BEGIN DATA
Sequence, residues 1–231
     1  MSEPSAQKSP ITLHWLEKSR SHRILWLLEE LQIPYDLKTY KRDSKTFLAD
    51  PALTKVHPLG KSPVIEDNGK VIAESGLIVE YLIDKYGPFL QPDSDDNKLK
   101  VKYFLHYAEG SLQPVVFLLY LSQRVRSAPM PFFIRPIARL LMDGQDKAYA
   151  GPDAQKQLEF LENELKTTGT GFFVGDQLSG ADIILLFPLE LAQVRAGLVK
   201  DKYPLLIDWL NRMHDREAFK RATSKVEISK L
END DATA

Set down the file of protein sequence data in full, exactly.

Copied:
Sequence, residues 1–231
     1  MSEPSAQKSP ITLHWLEKSR SHRILWLLEE LQIPYDLKTY KRDSKTFLAD
    51  PALTKVHPLG KSPVIEDNGK VIAESGLIVE YLIDKYGPFL QPDSDDNKLK
   101  VKYFLHYAEG SLQPVVFLLY LSQRVRSAPM PFFIRPIARL LMDGQDKAYA
   151  GPDAQKQLEF LENELKTTGT GFFVGDQLSG ADIILLFPLE LAQVRAGLVK
   201  DKYPLLIDWL NRMHDREAFK RATSKVEISK L